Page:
The word "philanthropy" elicits images of the wealthy using their bounty establishing scholarships or contributing to institutions helping the poor to assist the less fortunate. Or perhaps employing their riches to endow art museums, libraries, museums and public art, enabling others to enjoy values otherwise undersupplied. These philanthropic examples are certainly appropriate, but by themselves they are misleading, for they suggest love of humanity — phil-anthropy — is the exclusive preserve of society's most fortunate. Humankind, upon which the philanthropists exercise their beneficence, constitutes a relatively passive and needy target of their Olympian good will.
I want to offer a different analysis of philanthropy, one that by no means rejects the great merit of actions such as these, but pointing towards a larger, more liberal vision of philanthropy and its place in our world today. In the process I hope to demonstrate philanthropy's underappreciated potential in promoting liberty, equality, environmental sustainability, and even democracy.
Consider this example, taken from a local newspaper: Oasis Health Center serves the health needs of the uninsured poor in and near Brunswick, Maine. While Maine provides health care for children and the very poor, childless adults and in some cases parents whose incomes are barely above the poverty line generally lack affordable medical care. Only when their incomes fall to the official poverty level of $185 a week, does MaineCare cover them. Oasis serves people who earn from that meager amount up to $275 a week.
Staffed by volunteer doctors, nurses, physician's assistants, dentists, optometrists and chiropractors, the center provides urgent care as well as offering diabetes, depression, hypertension, and asthma clinics. Oasis also organizes outpatient support groups. Oasis accomplishes this ambitious program on a budget of under $70,000 annually.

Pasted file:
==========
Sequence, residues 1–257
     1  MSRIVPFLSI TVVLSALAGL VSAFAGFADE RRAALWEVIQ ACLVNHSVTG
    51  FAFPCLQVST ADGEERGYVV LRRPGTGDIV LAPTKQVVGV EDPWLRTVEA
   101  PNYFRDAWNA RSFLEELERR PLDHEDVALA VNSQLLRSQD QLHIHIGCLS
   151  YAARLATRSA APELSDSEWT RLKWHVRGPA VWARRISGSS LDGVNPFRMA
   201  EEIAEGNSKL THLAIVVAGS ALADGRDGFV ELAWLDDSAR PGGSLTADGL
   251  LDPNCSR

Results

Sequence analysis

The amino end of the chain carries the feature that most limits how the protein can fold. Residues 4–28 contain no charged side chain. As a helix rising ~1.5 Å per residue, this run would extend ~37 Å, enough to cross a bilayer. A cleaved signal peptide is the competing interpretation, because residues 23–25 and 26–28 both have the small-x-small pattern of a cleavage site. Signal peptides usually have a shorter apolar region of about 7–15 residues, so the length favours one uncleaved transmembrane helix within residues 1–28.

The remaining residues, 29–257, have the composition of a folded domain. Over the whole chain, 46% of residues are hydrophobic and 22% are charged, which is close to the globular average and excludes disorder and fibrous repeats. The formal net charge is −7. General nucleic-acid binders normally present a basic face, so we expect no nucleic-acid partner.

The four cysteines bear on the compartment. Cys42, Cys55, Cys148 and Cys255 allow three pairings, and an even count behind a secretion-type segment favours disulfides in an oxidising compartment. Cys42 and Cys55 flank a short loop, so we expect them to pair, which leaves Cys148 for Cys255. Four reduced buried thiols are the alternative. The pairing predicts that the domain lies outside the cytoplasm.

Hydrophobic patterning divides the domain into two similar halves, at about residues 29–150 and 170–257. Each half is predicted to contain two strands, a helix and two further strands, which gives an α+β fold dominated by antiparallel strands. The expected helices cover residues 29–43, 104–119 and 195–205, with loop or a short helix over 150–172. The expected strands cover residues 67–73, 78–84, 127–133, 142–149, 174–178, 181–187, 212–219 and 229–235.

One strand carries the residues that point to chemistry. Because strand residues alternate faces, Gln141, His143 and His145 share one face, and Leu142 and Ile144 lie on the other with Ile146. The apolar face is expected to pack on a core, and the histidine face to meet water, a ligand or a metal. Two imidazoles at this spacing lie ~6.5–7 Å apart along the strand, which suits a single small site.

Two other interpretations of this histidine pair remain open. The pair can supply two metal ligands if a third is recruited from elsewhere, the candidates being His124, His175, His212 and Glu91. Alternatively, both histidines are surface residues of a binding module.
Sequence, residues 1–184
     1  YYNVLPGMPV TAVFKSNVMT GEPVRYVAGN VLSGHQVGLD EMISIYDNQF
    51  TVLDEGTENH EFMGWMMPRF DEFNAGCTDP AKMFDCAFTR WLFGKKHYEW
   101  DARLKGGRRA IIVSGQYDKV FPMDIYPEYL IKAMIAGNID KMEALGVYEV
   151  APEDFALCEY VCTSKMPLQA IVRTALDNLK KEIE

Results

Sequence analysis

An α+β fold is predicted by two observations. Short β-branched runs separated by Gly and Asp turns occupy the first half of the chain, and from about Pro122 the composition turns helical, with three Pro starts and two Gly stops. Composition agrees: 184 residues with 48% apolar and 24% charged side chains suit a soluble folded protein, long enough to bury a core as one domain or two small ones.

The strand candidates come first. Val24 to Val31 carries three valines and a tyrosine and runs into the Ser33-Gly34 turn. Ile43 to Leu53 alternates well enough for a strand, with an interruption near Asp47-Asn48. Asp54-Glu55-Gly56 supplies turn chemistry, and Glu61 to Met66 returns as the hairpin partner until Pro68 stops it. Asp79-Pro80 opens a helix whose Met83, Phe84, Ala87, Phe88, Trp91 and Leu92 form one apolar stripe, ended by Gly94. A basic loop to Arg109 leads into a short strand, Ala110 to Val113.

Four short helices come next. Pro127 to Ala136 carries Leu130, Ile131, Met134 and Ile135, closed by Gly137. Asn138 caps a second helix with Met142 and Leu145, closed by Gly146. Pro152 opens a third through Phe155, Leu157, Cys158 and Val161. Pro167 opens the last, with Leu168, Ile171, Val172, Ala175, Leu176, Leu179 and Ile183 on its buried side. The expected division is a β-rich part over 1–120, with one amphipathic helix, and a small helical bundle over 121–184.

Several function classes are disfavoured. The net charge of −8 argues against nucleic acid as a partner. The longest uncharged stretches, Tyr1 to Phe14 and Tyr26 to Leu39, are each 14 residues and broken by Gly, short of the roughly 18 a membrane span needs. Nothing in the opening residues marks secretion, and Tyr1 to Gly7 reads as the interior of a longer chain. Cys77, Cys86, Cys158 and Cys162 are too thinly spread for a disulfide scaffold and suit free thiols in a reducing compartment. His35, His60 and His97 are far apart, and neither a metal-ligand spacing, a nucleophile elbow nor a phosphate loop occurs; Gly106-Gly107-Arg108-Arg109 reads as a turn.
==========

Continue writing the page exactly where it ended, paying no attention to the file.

"For each dollar we spend" says Dr. Peter McGuire, "our clients receive about seven dollars in care." In her description of Oasis, Gina Hamilton explains "This is because so many things — time, pharmaceuticals, and space — are donated. The clinic employs only one full-time staffer, and six part-time managers."1 Their physical space is always donated, and two area hospitals cover lab work, x-rays, and other tests without charge to patients. A retired doctor visits physicians in the area, collecting sample medications they have been sent, but will not use. A nurse checks on patients to make sure they suffer no unexpected side effects, as well as serving other post visit needs.
While people sending in monetary donations are clearly practicing philanthropy, so are the volunteers providing medical services, space, and other necessary services. Each of these non-monetary donations could be replaced by a monetary one enabling the center to hire out these services. Limiting philanthropy to money gifts alone underreports its frequency and ignores millions who serve others. Philanthropy needs to be conceived as all actions dedicated to helping provide values to others within a community of relative strangers.
The Oasis example offers us another insight. It is possible that MaineCare could be expanded to cover a wider range of people, incorporating those Oasis presently serves. If this happened, the result would be described as an expansion of public services. Those who created and sustain Oasis practice public policy by other means, outside the framework of government provision. They serve the public within the framework of civil society. Civil society is the larger institutional framework within which philanthropy works. But there is some uncertainty as to what should be included within the term.
Libertarian and most classical liberal theorists argue examples like Oasis illustrate how markets can provide for needs we might think government is needed to serve. And yet, examined closely, Oasis is as subversive to the market liberal's dichotomy of government vs. the economy as it is to the common sequestering of public policy within the realm of government. I believe the so-called classical liberal framework is unable adequately to appreciate philanthropic action at a theoretical level.2